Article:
It’s kind of context sensitive isn’t it?
If a muslim yells out “Allahu Akbar” after someone just gave him a million bucks, it’s probably not suggestive of terrorism, if he yells it out right before he starts shooting down American soldiers, then it very well might be.
Of course, that idea is probably a little over the head of your average lefty rocket scientist.Dave Surls (68aa16) — 11/10/2009 @ 10:39 pm
I’ve said it before: Allahu Akbar is the new Sieg Heil.RickZ (c06fbc) — 11/10/2009 @ 10:49 pm
Consider the nail hit on the head.Patterico (64318f) — 11/10/2009 @ 10:51 pm
Why of course, Mr. Greenwald; stake your claim that Hasan isn’t a terrorist. God forbid that we would label this person for what he is.
Okay class, raise your hands if you know the answer to this one: What is the VERY FIRST thing that Glenn Greenwald will say if someone pulls a Jack Ruby and kills Hasan before he has his day in court?
That’s right, he will label it a ‘hate crime’.Icy Texan (e267e6) — 11/10/2009 @ 10:58 pm
All you need to know about Greenwald you can learn from his first sentence, which begins, “The incomparably pernicious Joe Lieberman….”
Think about that. In a piece about the murder of 14 people, it’s Lieberman whom Greenwald calls incomparably deadly, incomparably wicked, incomparably destructive.
No further proof of his childish foolishness is needed.Andy Levy (8b47aa) — 11/10/2009 @ 11:10 pm
Yes, and you’re right, Andy, it is 14 and not 13.Patterico (64318f) — 11/10/2009 @ 11:14 pm
Would Glenn Greenwald be making such an absurd claim had the perpetrator been a Catholic chaplain shooting down fourteen people after yelling “Hail Mary, full of grace”?
You know the answer.Mike LaRoche (ab5b2b) — 11/10/2009 @ 11:17 pm
To me it sounds like racism and bigotry to link Hasan with the 9/11 terrorists, regardless of what Hasan may have said during the shooting.
He was just a nut, plain and simple. The problem is nuts like him can get weapons too easily.mikeb302000 (6127bb) — 11/10/2009 @ 11:28 pm
How do you propose to solve this problem?Michael Ejercito (6a1582) — 11/10/2009 @ 11:37 pm
The problem is best solved by eliminating Islamist nuts.Mike LaRoche (ab5b2b) — 11/10/2009 @ 11:39 pm
Literally eliminating their nuts, so that they can’t procreate?Icy Texan (e267e6) — 11/10/2009 @ 11:45 pm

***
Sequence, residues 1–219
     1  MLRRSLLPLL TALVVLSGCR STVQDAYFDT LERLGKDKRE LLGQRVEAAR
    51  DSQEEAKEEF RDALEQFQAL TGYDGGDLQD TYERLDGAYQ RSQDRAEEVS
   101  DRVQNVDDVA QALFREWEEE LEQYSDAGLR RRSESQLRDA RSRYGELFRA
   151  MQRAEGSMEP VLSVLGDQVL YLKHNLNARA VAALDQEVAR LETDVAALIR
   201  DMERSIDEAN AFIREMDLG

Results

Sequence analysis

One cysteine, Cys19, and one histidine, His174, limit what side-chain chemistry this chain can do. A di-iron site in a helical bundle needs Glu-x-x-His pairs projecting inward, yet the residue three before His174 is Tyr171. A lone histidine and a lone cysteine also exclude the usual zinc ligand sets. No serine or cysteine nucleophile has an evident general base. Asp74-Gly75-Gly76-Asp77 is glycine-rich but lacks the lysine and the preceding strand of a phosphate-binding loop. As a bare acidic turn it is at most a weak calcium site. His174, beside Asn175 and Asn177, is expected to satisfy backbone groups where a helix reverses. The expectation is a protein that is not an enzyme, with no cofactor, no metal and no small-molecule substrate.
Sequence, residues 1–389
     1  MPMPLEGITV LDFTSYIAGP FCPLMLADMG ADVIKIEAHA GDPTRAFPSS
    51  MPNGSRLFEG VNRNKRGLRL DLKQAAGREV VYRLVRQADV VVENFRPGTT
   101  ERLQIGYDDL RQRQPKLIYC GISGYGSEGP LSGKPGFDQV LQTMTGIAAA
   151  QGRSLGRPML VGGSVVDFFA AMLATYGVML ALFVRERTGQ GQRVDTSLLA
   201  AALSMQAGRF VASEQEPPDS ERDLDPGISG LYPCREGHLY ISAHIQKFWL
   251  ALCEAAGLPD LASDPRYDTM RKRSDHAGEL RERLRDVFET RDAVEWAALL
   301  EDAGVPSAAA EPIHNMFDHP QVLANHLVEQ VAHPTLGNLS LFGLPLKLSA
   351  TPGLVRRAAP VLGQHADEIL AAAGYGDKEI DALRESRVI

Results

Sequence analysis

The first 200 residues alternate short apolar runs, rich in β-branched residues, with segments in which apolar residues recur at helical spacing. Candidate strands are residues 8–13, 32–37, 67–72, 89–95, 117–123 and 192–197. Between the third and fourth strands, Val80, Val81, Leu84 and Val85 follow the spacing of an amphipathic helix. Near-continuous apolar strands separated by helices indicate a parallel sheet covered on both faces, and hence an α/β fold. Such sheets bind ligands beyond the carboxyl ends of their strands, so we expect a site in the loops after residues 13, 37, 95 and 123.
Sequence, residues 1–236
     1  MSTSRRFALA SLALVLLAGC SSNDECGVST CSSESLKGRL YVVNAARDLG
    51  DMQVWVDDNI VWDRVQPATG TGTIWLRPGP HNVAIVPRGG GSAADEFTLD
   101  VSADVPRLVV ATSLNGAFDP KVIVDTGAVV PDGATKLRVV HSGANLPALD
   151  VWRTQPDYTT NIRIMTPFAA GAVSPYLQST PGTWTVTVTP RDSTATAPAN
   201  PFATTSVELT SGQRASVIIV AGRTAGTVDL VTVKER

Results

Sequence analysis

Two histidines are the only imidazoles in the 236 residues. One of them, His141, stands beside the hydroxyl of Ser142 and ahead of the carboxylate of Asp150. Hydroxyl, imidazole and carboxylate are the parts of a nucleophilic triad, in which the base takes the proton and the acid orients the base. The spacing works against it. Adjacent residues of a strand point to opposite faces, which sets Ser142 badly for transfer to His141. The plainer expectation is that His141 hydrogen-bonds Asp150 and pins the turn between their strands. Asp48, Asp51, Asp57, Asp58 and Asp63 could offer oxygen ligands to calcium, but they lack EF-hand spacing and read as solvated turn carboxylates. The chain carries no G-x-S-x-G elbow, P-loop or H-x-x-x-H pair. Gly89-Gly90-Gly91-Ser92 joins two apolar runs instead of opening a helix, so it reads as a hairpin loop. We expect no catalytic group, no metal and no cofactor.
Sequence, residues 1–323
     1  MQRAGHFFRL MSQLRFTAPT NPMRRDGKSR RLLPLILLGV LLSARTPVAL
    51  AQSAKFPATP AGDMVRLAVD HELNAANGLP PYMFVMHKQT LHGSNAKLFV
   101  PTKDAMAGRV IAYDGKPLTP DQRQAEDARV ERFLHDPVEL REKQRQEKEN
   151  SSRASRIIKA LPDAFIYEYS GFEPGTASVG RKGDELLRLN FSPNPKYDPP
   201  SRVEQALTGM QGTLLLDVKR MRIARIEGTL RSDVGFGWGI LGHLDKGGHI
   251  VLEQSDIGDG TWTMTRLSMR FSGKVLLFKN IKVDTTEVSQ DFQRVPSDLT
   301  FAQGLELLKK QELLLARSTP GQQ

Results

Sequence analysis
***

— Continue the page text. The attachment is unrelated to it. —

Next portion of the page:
If “terrorism” makes the Sockpuppet King uncomfortable, how about calling it what Hasan calls it: Jihad.Jim Treacher (796deb) — 11/10/2009 @ 11:49 pm
Literally eliminating their nuts, so that they can’t procreate?
Heh, that’s one way to do it…Mike LaRoche (ab5b2b) — 11/10/2009 @ 11:55 pm
Mike makes the gun control argument a bit too superficially. It’s obvious that all the really bad mass shootings are committed in gun-free zones, such as this example at Ft Hood. What’s sad is that some out there really want to use this event as an argument against guns… as if that was really the problem.
Mike: This man was an officer in the US Army. He easily could have drawn his sidearm from the unit armorer. If he was creative, he could have drawn a crew served weapon. Majors can do that. When I was in the Army, a Major asked me to show him an artillery piece’s functionality. This is, basically, a perfect argument against gun control. If the other soldiers were allowed to concealed carry, this tragedy would not have occurred at all. This Major was violating the gun laws in place by bringing his POW (privately owned weapon) on post. Another gun control law would have had no effect whatsoever.
The problem is not that he had access to guns. The problem is that we have people like you, who will try to steer us away from the real issues of hatred in Islamist hearts. By attempting to make this about liberal dream goals, instead of simply thinking honestly about this, you are part of the problem that got those men killed.
That’s right: people trying to use this case to ban guns are going to have blood on their hands when their rhetoric distracts us from the real problems.Dustin (bb61e3) — 11/10/2009 @ 11:56 pm
“Hasan’s attack was carried out on a military base, with his clear target being American soldiers, not civilians. No matter one’s views on how unjustified and evil this attack was, can an attack on soldiers — particularly ones in the process of deploying for a war — fall within any legitimate definition of “terrorism,” which generally refers to deliberate attacks on civilians?”–Glenn Greenwald, legal “expert”
“(5) the term “domestic terrorism” means activities that—”
“(A) involve acts dangerous to human life that are a violation of the criminal laws of the United States or of any State;”
“(B) appear to be intended—”
“(i) to intimidate or coerce a civilian population; ”
“(ii) to influence the policy of a government by intimidation or coercion; or”
“(iii) to affect the conduct of a government by mass destruction, assassination, or kidnapping; and”
“(C) occur primarily within the territorial jurisdiction of the United States.”
Maybe someone should send Greenwald an e-mail letting him know that there is this thing called the U.S. Code, which define what terms like terrorism mean in a legal sense.
He’s probably not aware that there is such a thing.
😉Dave Surls (68aa16) — 11/10/2009 @ 11:58 pm